steven fletcher in new mobility

If anyone is interested in reading my profile of Canadian MP Steven Fletcher, which ran in the September issue of New Mobility magazine, here it is.

I'm not thrilled with some of the editing - I think the piece I turned in was a bit livelier - but other than that, I'm happy with it. I very much enjoyed interviewing Fletcher. Although I don't agree with his politics, I fully admire the man.

I very rarely feel sorry for the people with disabilities I interview. They lead full lives, and their burdens are not necessarily greater than those of non-disabled people, just different. I've gone beyond disability rights; I subscribe to disability pride.

Fletcher, however - like Brooke Ellison, who I've written about several times - evokes different feelings for me.

Being unable to walk does not seem particularly tragic to me, and to many wheelchair-users. The circumstances that result in disability are often traumatic, but life itself may be very ordinary. In a fully accessible world, wheeling is a perfectly good way to get around. (That's a central tenet of the independent living movement: it's the barriers that need fixing, not us.)

But imagine not being able to move any part of your body - not an arm, not a hand, not a finger. Imagine being a fully functioning head on an inert body. Someone like Rick Hansen - or even Sam Sullivan, who is fully independent - is in a very different position than Fletcher or Ellison. But Fletcher and Ellison have forged rich and meaningful lives for themselves, and they want to help others do the same. I deeply admire them both.

So here it is. You might be interested in how a profile like this is written for a disability audience. NM is written for - and mostly by, but not in my case - people who use wheelchairs.


Jen said...

Hi L-girl,

Are you okay with my emailing this article out en masse to my nursing classmates?


L-girl said...

Jen, I am honoured. Go right ahead.

Scott M. said...

Great article. The pre-edited version would be interesting to see...?

I can say that the last few weeks in a manual wheelchair have been quite revealing for me. Home was challenging, but Montreal is *not* wheelchair friendly. I could go on, but it's all been said before I'm sure.

L-girl said...

Scott, why have you been using a wheelchair?

And thank you, I'm glad you enjoyed the story.

Scott M. said...

Oh! I thought I had mentioned. Sorry.

Dawn and I went hiking up near Tobermory on the Bruce Trail on our anniversary (Aug 20) and I fell down the cliff. I managed to bruise my fibula, which is mostly healed, but I also managed to wrench my patella and the tendons attached waay out of whack.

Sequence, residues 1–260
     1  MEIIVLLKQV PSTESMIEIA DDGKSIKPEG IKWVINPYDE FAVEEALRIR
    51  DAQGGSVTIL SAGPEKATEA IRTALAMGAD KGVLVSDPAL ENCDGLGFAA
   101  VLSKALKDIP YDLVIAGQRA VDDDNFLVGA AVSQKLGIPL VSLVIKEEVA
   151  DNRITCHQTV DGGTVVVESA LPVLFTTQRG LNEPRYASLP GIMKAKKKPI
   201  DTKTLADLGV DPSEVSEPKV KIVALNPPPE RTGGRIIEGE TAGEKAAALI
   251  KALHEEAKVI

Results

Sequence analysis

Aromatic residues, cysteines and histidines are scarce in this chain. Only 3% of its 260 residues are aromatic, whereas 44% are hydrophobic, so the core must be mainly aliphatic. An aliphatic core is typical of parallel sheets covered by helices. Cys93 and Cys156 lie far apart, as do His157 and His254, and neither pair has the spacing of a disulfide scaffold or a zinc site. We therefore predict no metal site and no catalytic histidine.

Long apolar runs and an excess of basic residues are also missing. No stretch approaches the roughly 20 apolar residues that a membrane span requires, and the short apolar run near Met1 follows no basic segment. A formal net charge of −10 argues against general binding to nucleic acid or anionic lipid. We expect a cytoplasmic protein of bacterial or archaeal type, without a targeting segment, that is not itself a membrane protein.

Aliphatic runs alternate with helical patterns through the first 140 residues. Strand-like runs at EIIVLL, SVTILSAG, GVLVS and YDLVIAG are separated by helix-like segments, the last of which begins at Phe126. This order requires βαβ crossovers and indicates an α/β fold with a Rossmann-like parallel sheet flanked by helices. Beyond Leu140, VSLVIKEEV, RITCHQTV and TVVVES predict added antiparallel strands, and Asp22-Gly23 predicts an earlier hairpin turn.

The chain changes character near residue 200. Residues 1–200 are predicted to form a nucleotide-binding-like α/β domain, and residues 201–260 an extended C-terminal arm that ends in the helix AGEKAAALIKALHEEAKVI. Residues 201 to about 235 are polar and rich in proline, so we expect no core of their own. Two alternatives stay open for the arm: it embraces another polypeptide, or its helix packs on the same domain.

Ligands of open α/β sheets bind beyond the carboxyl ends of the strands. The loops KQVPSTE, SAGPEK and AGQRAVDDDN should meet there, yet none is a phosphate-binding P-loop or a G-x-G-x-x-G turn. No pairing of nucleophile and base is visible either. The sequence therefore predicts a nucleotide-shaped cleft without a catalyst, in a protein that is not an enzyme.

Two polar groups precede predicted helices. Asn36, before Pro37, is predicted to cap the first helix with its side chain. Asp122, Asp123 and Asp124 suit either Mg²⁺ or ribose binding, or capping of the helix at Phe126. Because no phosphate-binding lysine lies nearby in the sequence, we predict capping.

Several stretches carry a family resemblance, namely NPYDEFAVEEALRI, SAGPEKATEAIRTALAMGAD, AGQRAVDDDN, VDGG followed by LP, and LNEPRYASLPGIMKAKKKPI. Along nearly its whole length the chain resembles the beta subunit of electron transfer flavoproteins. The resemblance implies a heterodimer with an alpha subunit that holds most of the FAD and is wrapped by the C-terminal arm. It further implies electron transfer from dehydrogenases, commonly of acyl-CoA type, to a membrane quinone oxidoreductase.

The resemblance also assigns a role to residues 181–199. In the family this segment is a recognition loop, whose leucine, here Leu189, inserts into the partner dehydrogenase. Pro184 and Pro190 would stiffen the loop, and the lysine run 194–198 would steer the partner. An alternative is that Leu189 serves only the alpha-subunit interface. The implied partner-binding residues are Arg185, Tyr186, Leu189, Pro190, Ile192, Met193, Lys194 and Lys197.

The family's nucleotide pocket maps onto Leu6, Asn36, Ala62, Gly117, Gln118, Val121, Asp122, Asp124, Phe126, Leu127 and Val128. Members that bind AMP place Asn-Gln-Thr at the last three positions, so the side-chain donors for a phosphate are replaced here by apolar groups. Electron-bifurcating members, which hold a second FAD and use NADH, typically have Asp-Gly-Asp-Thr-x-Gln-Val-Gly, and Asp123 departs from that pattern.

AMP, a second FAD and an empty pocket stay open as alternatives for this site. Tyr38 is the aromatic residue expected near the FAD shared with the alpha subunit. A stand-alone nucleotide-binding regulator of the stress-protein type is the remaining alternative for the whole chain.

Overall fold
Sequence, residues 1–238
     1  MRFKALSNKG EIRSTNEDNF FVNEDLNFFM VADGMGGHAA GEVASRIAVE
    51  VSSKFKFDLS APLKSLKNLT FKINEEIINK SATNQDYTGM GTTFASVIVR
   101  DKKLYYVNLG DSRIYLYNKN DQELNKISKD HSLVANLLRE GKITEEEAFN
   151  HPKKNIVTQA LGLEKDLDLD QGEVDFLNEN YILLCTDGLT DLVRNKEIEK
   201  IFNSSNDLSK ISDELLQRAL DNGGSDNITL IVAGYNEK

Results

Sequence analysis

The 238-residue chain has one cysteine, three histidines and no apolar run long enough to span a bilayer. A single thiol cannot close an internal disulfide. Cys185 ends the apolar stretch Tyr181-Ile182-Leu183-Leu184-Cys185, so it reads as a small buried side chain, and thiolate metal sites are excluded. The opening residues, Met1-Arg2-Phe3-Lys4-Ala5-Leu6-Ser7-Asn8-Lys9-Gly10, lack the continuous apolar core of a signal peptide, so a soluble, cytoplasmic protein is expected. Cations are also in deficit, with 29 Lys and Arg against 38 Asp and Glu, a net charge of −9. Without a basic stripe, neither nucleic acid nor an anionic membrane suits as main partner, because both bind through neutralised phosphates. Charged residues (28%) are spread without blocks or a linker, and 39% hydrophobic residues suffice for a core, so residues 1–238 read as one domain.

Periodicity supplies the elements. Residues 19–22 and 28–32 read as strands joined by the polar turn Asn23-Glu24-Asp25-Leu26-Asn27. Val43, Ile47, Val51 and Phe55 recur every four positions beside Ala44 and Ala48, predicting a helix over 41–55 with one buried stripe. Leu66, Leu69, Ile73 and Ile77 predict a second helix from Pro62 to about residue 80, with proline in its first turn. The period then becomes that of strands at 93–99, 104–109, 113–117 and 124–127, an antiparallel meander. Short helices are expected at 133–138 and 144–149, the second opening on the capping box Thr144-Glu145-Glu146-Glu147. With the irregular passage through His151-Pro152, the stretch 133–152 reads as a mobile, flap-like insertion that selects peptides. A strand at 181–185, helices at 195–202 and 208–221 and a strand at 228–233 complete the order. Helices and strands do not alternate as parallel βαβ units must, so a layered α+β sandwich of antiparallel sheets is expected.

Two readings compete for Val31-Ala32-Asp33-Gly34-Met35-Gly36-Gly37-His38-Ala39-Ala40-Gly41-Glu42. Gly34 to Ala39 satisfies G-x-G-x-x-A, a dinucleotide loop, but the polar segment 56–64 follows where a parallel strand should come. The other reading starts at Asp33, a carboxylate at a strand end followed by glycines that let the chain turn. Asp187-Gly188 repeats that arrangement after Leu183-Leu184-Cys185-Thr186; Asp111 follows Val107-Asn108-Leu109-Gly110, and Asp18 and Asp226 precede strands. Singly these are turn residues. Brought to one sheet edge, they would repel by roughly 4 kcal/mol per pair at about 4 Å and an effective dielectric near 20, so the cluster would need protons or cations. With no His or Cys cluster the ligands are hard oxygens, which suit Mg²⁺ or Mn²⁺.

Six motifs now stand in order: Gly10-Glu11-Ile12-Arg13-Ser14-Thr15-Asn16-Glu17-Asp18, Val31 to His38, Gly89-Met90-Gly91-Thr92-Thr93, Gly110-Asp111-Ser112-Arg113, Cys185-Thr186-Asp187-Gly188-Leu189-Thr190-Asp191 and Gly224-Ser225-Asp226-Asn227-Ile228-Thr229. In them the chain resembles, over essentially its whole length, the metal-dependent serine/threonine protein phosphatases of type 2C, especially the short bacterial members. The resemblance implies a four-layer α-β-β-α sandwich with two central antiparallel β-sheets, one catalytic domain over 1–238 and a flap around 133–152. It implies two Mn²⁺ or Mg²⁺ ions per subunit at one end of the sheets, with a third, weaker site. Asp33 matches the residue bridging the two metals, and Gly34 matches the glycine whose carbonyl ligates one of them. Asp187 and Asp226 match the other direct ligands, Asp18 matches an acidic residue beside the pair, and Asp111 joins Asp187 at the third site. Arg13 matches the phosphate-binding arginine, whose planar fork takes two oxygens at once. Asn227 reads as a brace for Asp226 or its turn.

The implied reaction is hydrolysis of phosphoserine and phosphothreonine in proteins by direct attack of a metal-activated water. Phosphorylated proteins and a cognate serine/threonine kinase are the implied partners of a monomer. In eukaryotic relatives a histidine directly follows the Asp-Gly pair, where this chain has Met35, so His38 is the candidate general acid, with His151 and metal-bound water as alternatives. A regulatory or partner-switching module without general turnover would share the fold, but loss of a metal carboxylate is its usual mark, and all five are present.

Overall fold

I had to walk out after the fall, and that week I tried to walk gingerly, though I just made things worse. The next week I was at home in immense pain and barely moving. The next two weeks I was in a wheelchair when not at home and on crutches at home.

The next two weeks I was only on crutches while we were on vacation and things were getting better but then they got much worse. I had to go back to a wheelchair and, coincidentally, I had to go to Montreal for work (which is where I am now).

Hopefully I'll be back out of the chair next week.

impudent strumpet said...

OMG, you asked my question! Awesome!

The one thing that really surprised me in that article was how he was assigned scribes who didn't know mathematical notation (and weren't given enough warning/info/time/whatever to learn). Coming from a languages/music/math background, that's a nightmare scenario - never mind grad school, I wouldn't have been able to finish high school if my academic success were dependent on everything being written down by someone who isn't necessarily trained in the notation required for the subject.

L-girl said...

Scott, omg, awful. I hope the rest of your recovery goes well.

ImpStrump, of course I asked your question! It was great, because he said he gets asked that all the time, and that led us to what else he is frequently asked.

From the people I've interviewed, I have the impression that scribes are poorly paid and largely untrained.

Scott M. said...

I know I wouldn't take much of the untrained scribes if they were provided by the university... the first time I ran into the trouble I'd ask the scribe to get the proctor and have the proctor explain how to write what I'm saying.

It's irresponsible for the institution to provide someone who can't help.

And if it had to be arranged by Fletcher himself, not to be too harsh but he should interviewed better.

L-girl said...

People usually don't meet their scribes until they're in the classroom. Disability Services - or some similar agency or dept - arranges scribes, notetakers and the like. The student has no choice and is not involved.

Scott M. said...

Then the school should be ashamed. And you bet your booties that I would be asking the Proctor to translate for the scribe!

L-girl said...

Scott, I've never heard of any school anywhere operating any differently.

In my brief experience as a notetaker, for example, I met my student/client in the classroom. My supervisor and all my fellow notetakers said that this was the case 100% of the time.

Resources are scarce, staff overworked, and everyone's just supposed to be glad these accommodations exist at all.